It’s partially an improvisation. I have learned that the faster the murals happen the better it all looks. If I take too much time or there is any hesitation or too many pauses, my work doesn’t look smooth. When all these geometry happen very quickly, there is just a natural flow. I have paintings in the studio that takes me months and I see a lot of problems in those paintings. This drawing of the installation at the Miller Theater took me one-day from noon to 6pm. The other part of the process is that for me is external and is about sharing. One of the benefits of murals is that you get to share these things in different places, with different people, and everybody gets to enjoy some part of it. The murals are not just for me to enjoy making. I feel like everyone is invited to enjoy any part of it as they wish.

 

What are the particulars of working in a site-specific installation?

It is different in each place. Usually if the space is in a gallery or a museum it is very simple procedure to understand the space but sometimes there are spaces that are more public say here a theater, or it could be a hospital, or an outdoor space. Those spaces challenge you, they present problems and you have to find the best solutions. In general, I feel very comfortable working in large-scale spaces. I think it has to do with my understanding of architectural space, and that comes from a long interest in architecture. I think that most of my work lends itself to expansion into a space. Some processes are very different and are about the materials. For instance, in 2008 curator Dr. Kate Bonansinga from the Rubin Center for Visual Art (UTEP) in El Paso, TX was researching how artists deal with border issues, and asked me if I was interested in creating an artwork that somehow would incorporate that. At that time I was looking at 360-panoramic images of Mars and thinking that it looked like any desert in southwestern United States. I went online and started looking at pictures of the Chihuahua desert partially in Southwestern Texas and they both looked pretty much the same. I wanted to make a big panoramic mural of the Martian desert and I used mud from the Rio Grande that has a lot of red clay, iron oxide and a little bit of copper. I went to El Paso and literally got in the river and dug out the mud while there were border patrol agents and people crossing the border illegally, very strange. It was a very special project because it raised issues that maybe our borders are not just political barriers but also can mental barriers. The border I was referring to was planetary not just socio-political, or local.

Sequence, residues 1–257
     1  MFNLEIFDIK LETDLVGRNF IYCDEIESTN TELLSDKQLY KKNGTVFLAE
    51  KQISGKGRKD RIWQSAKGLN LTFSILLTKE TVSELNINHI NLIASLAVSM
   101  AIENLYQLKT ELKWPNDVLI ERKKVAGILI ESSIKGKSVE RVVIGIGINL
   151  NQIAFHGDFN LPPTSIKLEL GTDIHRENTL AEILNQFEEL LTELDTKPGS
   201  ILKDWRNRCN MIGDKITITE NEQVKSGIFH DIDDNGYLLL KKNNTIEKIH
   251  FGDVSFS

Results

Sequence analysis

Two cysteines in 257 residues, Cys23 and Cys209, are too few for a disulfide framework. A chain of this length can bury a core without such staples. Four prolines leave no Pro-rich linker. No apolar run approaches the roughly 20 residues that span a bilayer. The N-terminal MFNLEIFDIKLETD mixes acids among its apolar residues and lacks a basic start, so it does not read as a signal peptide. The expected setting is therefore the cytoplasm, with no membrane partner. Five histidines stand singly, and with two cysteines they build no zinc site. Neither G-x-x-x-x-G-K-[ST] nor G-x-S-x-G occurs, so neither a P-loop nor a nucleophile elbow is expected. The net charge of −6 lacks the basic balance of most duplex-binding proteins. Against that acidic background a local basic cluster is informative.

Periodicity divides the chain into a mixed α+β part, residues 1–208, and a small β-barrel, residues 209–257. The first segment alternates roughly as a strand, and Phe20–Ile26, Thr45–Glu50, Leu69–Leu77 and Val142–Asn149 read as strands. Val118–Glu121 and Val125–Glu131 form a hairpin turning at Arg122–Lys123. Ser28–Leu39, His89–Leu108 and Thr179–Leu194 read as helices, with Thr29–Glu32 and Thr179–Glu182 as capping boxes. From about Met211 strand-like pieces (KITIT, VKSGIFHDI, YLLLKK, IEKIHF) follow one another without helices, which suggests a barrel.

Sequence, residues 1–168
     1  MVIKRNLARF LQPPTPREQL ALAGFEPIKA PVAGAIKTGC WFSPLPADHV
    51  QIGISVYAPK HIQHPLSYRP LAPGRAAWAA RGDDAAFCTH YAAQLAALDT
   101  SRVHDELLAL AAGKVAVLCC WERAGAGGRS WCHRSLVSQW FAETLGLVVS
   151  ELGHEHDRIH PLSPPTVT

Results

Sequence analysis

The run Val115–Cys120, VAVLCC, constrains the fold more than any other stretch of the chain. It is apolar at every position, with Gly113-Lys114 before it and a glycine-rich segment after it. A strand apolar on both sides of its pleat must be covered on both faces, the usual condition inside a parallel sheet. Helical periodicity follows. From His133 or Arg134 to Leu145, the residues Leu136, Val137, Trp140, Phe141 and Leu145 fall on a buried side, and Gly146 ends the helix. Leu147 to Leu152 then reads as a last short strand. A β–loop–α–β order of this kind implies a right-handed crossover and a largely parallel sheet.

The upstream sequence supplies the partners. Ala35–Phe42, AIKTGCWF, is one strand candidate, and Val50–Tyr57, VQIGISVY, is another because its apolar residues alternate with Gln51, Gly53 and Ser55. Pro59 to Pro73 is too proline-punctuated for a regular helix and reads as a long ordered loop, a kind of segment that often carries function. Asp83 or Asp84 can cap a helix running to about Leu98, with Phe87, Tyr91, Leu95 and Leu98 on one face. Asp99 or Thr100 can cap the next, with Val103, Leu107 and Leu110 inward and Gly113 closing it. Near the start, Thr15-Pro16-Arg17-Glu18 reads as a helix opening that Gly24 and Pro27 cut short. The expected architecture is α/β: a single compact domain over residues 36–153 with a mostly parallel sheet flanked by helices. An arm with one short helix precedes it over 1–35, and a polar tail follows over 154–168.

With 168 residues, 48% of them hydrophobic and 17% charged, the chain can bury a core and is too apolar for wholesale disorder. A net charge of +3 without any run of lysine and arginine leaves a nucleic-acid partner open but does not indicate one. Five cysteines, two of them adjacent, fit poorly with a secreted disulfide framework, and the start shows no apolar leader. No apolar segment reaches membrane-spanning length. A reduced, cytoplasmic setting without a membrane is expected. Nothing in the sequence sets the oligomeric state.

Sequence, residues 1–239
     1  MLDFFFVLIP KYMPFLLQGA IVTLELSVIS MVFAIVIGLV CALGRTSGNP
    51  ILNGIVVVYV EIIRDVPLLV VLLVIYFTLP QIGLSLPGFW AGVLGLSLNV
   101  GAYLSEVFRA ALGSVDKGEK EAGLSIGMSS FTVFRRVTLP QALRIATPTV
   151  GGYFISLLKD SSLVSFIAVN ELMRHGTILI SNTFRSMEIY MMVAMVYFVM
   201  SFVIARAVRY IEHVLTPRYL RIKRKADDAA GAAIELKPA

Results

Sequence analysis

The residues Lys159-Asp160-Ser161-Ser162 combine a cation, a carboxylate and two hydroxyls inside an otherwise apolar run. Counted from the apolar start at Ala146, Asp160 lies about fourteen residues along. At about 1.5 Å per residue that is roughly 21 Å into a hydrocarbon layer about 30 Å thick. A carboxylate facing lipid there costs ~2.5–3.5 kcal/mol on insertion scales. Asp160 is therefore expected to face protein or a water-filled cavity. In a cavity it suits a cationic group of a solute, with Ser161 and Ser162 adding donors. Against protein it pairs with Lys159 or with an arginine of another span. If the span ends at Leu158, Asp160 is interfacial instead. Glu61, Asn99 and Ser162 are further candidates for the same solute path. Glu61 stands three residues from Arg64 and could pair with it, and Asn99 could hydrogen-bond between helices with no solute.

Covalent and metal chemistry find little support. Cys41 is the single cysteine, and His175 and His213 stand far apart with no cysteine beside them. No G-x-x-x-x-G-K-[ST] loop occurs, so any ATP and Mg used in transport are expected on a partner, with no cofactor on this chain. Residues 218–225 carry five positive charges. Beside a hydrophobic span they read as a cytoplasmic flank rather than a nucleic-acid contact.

Now that you mention other planets, what is the influence of Astronomy in your work?

I was raised in Clear Lake, a suburb of Houston, TX where the Johnson Space Center of NASA is located. I literally grew up with children of astronauts, and people that went to the moon. I ended up studying astronomy in college because it’s what I wanted my artwork to be about. If you ask me how this has influenced my work, it is what my work is about. More recently the work based on space program operations from USA, Russian, European, Canadian and Japanese space agencies. For instance, in the studio we are projecting live images of the earth from the camera broadcasts on astronaut’s helmets, robotic cranes, and rocket cams, etc. In space, astronauts go around the earth once every 90 minutes so they see a lot of sunsets and sun rises in a 24 hour period. From a visual perspective I am very interested in trying to capture these type of atmospheric and changes of light and color that looks like a contemporary version of impressionism into art works, paintings, and mural installations.